International Women's Day: Why are Indian women depressed?
World Health Organization (WHO) says India is the most depressed nation in the world. (Illustrative image, courtesy Pixabay) Photograph: (Others)
I don’t exactly remember how long ago I became acquainted with the term depression, but I do remember not understanding its connotation up until a few years ago.
“Mental health” is something we Indians are not very comfortable discussing. It’s not an actual disease, they say. You only go to a psychologist or a therapist if you’re insane, they say.
Yet, World Health Organization (WHO) says India is the most depressed nation in the world with 36 per cent of Indians having suffered from a major depressive episode (MDE).
WHO also states that women are more prone to depression than men, where the burden of depression is 50 per cent higher among females as compared to men.
Largely goes undiagnosed
Ruchika Kanwal, Clinical Psychologist at Karma Centre for Counselling and Wellbeing, says depression largely goes undiagnosed among women, specifically among the ones who stay at home.
Why does that happen, I ask
"The immediate social circle that they (housewives) have are women who are mostly housewives. When they discuss their issues, they’re mostly struggling with the same symptoms. They then tend to normalise it because everybody is going through the same thing," says Ms Kanwal.
She adds that these women don’t understand that there are certain symptoms that are beyond normal, clinically speaking. This leads to depression largely going undiagnosed.
Burden on women
Postpartum depression is a type of clinical depression may affect women after childbirth. The symptoms include insomnia, irritability, social isolation, fatigue, etc.
There are more than 10 million cases of postpartum depression per year in India. Those who develop postpartum depression are also at a greater risk of developing major depression later on in life.
Left untreated, postpartum depression can interfere with mother-child bonding and cause family problems. Children of mothers who have untreated postpartum depression are more likely to have emotional and behavioural problems, such as sleeping and eating difficulties, excessive crying, and attention-deficit/hyperactivity disorder (ADHD).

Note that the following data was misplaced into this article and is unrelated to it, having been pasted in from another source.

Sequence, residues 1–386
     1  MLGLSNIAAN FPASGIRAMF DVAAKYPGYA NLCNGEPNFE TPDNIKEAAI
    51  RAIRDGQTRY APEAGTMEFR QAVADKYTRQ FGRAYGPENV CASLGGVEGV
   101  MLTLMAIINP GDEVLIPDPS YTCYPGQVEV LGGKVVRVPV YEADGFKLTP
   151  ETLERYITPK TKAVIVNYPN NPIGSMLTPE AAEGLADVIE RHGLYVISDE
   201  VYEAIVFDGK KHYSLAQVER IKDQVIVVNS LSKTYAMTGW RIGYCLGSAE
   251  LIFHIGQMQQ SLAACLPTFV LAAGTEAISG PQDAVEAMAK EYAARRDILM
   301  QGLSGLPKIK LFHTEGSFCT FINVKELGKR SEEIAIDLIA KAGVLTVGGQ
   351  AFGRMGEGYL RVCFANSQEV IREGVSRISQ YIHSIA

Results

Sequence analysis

Manavi Khurana says a lot of women they see at their clinic don’t get help with child rearing. It’s always the woman’s job to take care of the child, she adds.
"We’ve had clients who are very upset because their husbands give them absolutely no share in power at home. So that is one of the causes of postpartum depression among women," says Ms Khurana.
Ms Khurana is a Counselling Psychologist. She is also the founder of the Karma Centre for Counselling and Wellbeing.
But what causes depression among these women?
Some common symptoms of depression are loss of appetite, insomnia, restlessness, experiencing negative thoughts, hopelessness, among many others.
I asked Ms Kanwal what exactly triggers depression among Indian women.
She says because women are suppressed in India, they don’t go out and talk about their problems, which in the long run leads to depression.
“Internalised disorders are more prevalent among people who do not express themselves as much. Women are not motivated to go out and talk about their problem,” Ms Kanwal says.
She continues, “So when they don’t have that support system to vent out, they keep internalising it and exhaust all the coping skills they have. When you don’t have that platform, it will take a toll
on your health.”
How to deal with it
The first step towards recovery, says Ms Kanwal, is to make the patients believe they’re not weak because they’ve been suffering from depression and that depression doesn’t mean that you’re a failure in dealing with your everyday problems.
The patient should then seek for support from family and friends, as well as a professional which could include a counsellor, psychologist or a psychiatrist.
"Because it’s a psycho-social disorder, you should avail therapy and counselling along with medication so that whatever negative thoughts or altered perception you have, you could be helped with it," says Ms Kanwal.
The treatment, like the condition itself, varies from person to person. So there is no clear-cut formula to overcome depression. But keeping it to yourself certainly isn’t the answer.
Lastly, spreading awareness about mental health issues and breaking the stigma around it should be the topmost priority. Without that, patients will keep on suffering in silence.